Autonomous Agents addresses the related topics of self-control and individual autonomy. "Self-control" is defined as the opposite of akrasia-weakness of will. The study of self-control seeks to understand the concept of its own terms, followed by an examination of its bearing on one's actions, beliefs, emotions, and personal values. It goes on to consider how a proper understanding of self-control and its manifestations can shed light on personal autonomy and autonomous behaviour. Perspicuous, objective, and incisive throughout, Alfred Mele makes (...) a convincing case for the value of individual autonomy. (shrink)
Herbert Davidson's critique of my thesis regarding the relation between Averroes' Middle and Long commentaries on De anima contrasts my reading and translation of Middle Commentary passages with his own. I leave it to the informed reader to judge whether one translation is more “neutral” than the other, excluding the specific denotation which I give to sharh, which is the point at issue.
In this book, his major work, Alfred Schutz attempts to provide a sound philosophical basis for the sociological theories of Max Weber. Using a Husserlian phenomenology, Schutz provides a complete and original analysis of human action and its "intended meaning.".
Each of the following claims has been defended in the scientific literature on free will and consciousness: your brain routinely decides what you will do before you become conscious of its decision; there is only a 100 millisecond window of opportunity for free will, and all it can do is veto conscious decisions, intentions, or urges; intentions never play a role in producing corresponding actions; and free will is an illusion. In Effective Intentions Alfred Mele shows that the evidence (...) offered to support these claims is sorely deficient. He also shows that there is strong empirical support for the thesis that some conscious decisions and intentions have a genuine place in causal explanations of corresponding actions. In short, there is weighty evidence of the existence of effective conscious intentions or the power of conscious will. Mele examines the accuracy of subjects' reports about when they first became aware of decisions or intentions in laboratory settings and develops some implications of warranted skepticism about the accuracy of these reports. In addition, he explores such questions as whether we must be conscious of all of our intentions and why scientists disagree about this. Mele's final chapter closes with a discussion of imaginary scientific findings that would warrant bold claims about free will and consciousness of the sort he examines in this book. (shrink)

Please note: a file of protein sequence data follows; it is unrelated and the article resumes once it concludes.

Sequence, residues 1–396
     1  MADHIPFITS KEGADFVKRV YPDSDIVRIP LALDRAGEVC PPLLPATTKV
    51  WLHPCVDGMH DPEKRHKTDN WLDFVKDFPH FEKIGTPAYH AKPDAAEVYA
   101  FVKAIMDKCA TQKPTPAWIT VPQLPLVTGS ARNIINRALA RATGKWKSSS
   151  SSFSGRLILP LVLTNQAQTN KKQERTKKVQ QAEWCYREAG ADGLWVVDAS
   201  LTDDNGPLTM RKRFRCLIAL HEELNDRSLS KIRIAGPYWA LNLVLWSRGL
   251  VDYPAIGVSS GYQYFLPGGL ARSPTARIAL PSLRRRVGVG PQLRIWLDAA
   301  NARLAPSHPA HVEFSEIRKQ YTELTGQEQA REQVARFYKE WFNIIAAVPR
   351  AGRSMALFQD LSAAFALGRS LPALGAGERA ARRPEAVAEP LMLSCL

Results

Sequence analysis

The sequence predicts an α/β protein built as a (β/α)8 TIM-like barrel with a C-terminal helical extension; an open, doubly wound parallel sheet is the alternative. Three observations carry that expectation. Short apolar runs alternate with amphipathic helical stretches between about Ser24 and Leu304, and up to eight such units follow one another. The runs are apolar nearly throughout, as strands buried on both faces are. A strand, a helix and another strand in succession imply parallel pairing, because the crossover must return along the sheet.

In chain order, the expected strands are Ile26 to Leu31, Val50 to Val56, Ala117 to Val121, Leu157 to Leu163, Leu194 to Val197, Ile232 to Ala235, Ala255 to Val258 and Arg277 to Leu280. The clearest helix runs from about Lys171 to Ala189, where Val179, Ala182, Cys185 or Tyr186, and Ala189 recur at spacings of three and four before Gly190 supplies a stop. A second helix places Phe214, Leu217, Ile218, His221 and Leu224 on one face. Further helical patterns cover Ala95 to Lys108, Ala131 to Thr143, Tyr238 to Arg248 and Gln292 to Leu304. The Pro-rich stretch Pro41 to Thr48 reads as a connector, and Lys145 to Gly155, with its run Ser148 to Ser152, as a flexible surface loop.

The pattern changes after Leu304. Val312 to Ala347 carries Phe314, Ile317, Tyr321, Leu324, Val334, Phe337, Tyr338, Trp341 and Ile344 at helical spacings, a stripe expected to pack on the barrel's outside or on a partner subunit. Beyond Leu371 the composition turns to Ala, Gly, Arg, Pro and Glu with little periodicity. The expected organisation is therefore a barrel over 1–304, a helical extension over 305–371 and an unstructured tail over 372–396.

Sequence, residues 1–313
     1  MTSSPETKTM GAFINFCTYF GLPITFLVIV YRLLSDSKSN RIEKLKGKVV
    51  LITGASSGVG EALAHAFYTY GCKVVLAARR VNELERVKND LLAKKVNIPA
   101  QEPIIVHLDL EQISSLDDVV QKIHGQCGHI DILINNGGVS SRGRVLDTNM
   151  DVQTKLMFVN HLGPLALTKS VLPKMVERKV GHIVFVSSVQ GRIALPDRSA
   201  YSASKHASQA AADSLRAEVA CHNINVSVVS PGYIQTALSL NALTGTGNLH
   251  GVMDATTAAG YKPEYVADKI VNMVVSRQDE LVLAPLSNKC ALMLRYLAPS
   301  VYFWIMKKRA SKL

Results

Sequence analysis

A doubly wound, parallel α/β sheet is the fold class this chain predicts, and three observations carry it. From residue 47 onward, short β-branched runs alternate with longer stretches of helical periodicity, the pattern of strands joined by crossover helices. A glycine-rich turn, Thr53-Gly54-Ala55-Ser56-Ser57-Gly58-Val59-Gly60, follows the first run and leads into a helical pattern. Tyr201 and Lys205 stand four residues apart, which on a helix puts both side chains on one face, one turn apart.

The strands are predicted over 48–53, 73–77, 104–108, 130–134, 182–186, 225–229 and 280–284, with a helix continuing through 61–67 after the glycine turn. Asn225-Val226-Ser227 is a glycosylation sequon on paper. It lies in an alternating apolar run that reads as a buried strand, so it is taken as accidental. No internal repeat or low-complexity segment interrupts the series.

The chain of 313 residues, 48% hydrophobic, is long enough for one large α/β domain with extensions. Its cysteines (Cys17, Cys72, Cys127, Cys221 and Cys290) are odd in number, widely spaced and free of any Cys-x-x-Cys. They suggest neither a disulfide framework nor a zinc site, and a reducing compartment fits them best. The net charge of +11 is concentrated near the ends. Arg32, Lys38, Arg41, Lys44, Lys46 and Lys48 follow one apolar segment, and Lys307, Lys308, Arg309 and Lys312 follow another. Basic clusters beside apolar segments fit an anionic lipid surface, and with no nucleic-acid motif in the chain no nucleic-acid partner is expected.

Although much human action serves as proof that irrational behaviour is remarkably common, certain forms of irrationalityDSmost incontinent action and self-deceptionDSpose such difficult problems that philosophers have rejected them as logically or psychologically impossible. Here, Alfred Mele shows that incontinent action and self-deception are indeed possible.